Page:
Dover Sun, 2 Mar 1805

Every once in a while, it was much lengthier.


Departed this life on the 28th ult. in the 28th year of her age, Miss Rachel Rollins of Somersworth, daughter of the late Mr. I Rollins of that place. Her malady (a consumption), was long and lingering, attended with much pain and distress, which, agreeably to her uniform character, she endued with the mildness of the Dove, and the meekness of the Lamb. In the extremity of her sufferings, not a murmur, nor even an involuntary groan escaped her lips! She was all patience, and resignation. Such was the sweetness of her Disposition, it smiled at Grief! and such the purity of her Soul, the terrors of the gloomy Messenger fled before the heaven of her countenance. There, in the darkness of Death, Religion sat smiling, like the Star of even on the bosom of the night.

She was accomplished in her person and manners; possessed of a mind highly susceptible, with feelings exquisitely delicate, and tender as Pity itself. Modest almost to a fault, and chaste as the virgin snow. Her many graces and virtues, drew forth the warmest affection of her friends, and her ever decorous and amiable demeanour, endeared her to her acquaintance. She was a pattern to her sex in acts of kindness and charity to the poor, whose gratitude proclaimed her benevolence, and whose tears now feelingly bespeak the magnitude of their loss. Although cut off in the meridian of her days, yet she arrived to full maturity; for wisdom was her grey hairs, and her spotless life old age. -- As all her pleasing prospects below were vanishing in the darkness, they brightened above in the Paradise of light. Joyful her exit from this transitory scene; a dreary wilderness, a world of woe, a vale of tears! She has passed gloriously, triumphing through her REDEEMER, the billow-swelling Jordan of death, and gained, borne on a Seraph's blissful wings, the promised land, the heavenly Canaan. There grows the TREE OF LIFE, whose taste is immortality. There flow rivers of LIVING WATER, making glad the heavenly inhabitants. There tears are wiped from every eye - and there all her cares, pains, and sorrows are lost and forgotten, in the overflowing fountain of bliss.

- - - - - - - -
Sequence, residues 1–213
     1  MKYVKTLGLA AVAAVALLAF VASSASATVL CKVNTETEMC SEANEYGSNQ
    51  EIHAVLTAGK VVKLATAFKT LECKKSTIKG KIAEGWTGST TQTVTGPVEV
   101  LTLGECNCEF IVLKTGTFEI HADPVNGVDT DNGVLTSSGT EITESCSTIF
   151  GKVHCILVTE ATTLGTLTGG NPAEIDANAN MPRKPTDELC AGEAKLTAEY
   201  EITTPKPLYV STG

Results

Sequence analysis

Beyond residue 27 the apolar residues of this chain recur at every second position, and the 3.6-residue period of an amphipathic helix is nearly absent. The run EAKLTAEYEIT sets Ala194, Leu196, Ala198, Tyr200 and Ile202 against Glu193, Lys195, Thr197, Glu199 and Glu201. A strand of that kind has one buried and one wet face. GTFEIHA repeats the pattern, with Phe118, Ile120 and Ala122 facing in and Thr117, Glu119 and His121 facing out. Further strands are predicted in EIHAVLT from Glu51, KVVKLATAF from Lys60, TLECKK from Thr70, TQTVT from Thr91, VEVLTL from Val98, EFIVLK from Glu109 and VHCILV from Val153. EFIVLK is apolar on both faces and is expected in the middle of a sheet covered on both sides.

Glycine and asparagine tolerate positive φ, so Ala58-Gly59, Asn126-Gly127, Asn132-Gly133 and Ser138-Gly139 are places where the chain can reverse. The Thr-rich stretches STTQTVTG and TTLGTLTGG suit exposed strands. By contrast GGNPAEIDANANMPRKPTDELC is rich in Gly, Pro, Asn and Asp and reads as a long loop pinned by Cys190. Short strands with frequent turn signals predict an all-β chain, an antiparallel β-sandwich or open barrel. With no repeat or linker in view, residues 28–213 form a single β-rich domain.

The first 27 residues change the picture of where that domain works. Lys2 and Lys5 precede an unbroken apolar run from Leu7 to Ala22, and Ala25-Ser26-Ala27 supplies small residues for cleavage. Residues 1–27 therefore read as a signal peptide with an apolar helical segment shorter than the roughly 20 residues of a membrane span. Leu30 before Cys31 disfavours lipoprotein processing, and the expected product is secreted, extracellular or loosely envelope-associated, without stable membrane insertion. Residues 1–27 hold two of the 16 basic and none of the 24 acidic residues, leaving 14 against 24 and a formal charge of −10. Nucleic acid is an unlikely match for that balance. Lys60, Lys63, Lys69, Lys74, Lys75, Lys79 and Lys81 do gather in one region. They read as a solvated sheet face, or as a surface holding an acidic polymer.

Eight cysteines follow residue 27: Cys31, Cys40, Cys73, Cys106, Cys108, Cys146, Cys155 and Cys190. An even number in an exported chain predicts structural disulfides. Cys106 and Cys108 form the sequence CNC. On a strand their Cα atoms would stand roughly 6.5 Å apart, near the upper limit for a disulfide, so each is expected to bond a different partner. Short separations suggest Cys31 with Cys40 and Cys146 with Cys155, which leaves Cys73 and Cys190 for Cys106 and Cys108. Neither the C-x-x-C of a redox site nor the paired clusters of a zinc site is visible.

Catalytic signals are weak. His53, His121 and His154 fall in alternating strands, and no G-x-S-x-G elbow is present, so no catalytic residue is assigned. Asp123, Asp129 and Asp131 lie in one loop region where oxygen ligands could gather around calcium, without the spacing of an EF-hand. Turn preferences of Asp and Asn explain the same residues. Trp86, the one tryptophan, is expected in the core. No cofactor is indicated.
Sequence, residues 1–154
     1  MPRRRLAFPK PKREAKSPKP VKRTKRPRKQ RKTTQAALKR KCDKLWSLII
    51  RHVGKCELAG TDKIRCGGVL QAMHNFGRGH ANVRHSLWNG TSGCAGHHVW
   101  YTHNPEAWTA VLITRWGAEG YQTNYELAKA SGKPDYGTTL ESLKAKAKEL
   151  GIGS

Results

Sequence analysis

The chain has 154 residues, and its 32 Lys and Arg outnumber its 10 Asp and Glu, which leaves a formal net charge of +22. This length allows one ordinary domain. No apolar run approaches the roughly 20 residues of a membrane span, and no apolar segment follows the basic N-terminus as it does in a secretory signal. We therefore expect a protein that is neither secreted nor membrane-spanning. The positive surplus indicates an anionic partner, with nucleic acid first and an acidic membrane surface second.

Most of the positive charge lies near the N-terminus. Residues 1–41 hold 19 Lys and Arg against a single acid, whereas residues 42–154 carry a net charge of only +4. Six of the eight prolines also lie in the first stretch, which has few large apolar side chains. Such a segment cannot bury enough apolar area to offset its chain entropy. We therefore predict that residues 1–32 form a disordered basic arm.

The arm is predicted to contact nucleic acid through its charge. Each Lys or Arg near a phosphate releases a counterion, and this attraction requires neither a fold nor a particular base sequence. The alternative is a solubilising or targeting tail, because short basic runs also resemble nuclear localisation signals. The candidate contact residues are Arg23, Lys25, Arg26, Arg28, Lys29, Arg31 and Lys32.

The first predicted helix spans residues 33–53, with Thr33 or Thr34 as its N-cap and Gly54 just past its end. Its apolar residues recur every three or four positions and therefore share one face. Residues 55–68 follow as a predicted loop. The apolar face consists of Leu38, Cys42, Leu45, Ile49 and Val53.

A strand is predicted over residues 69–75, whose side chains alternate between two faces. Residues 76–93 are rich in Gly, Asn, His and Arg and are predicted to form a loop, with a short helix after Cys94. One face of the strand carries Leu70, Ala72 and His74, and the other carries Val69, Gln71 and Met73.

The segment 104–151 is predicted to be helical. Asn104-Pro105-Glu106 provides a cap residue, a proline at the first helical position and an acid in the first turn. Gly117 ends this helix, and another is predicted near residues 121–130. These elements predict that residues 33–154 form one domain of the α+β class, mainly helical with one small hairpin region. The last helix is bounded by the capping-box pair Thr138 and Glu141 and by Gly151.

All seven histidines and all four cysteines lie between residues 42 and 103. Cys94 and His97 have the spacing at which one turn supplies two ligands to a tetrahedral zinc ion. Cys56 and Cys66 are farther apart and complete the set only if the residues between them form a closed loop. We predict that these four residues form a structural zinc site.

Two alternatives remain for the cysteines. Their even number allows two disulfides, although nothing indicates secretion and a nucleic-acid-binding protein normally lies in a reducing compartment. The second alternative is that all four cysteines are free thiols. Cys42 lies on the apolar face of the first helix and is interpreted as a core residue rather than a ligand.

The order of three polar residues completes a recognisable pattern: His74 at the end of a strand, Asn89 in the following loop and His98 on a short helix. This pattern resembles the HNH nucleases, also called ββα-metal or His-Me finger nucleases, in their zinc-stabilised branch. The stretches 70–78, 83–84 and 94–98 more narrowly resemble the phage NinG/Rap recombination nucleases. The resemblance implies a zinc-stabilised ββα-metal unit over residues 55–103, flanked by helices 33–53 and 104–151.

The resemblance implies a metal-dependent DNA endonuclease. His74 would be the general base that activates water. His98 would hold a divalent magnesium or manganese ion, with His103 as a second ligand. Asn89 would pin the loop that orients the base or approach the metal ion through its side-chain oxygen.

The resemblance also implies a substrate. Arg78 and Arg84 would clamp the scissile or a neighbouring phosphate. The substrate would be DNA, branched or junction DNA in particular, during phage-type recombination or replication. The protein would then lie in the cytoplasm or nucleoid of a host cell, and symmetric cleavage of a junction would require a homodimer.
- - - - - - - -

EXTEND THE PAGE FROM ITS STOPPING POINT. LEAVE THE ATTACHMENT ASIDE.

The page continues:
Dover Sun, 5 Dec 1812

Something tells me Rachel was very much loved.
dee_burris: (Default)
2011-08-05 06:23 pm

It was a good week...


Well, except for that 10+ hour long power outage on Wednesday afternoon until 2:09 a.m. on Thursday.

The hottest day and night since they have been recording such for Arkansas.

But the Entergy heroes came through, so we won't dwell on that...
Started looking into my brother-in-law's family genealogy for him this week, and today, I hit the mother lode.

Got my monthly update email from Genealogy Bank.

Looked to see what was new.

And swooned. (Okay, not really, but you know what I mean.)

They added the Dover Sun, published in the little New Hampshire town all his Rollinses are from.

About 40 years worth from the late 1700s through the beginning of the 1800s...

And so I have been, as we say here in the South, in high cotton all day long.
And then, what to my wondering eyes should appear...

No, not the sleigh and eight tiny reindeer, although I could stand some of *those* temperatures...

An email from a guy who found my online tree while trying to clear up a mystery in his own.

Turns out the wife of my paternal grand uncle, who married him at age 17, was married before that to this guy's great 15.

Mama signed a note.

But my grand-aunt still called herself "Miss" two years later when she married Uncle Homer...

So now Dad and I are wondering...did Uncle Homer know?


But maybe not. If I've learned anything in the last few years of shakin' the family tree, it's that these Burrises could damn sure keep a secret...
dee_burris: (Default)
2011-08-02 02:52 pm
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Am having just way too much fun...

Tracking the ancestors of some of the family in-laws...

Have just discovered, unbeknownst to him, that my brother-in-law named his blue and gold macaw after his 5th great-grandfather...

Not just a whole lot of Ichabods running around these days...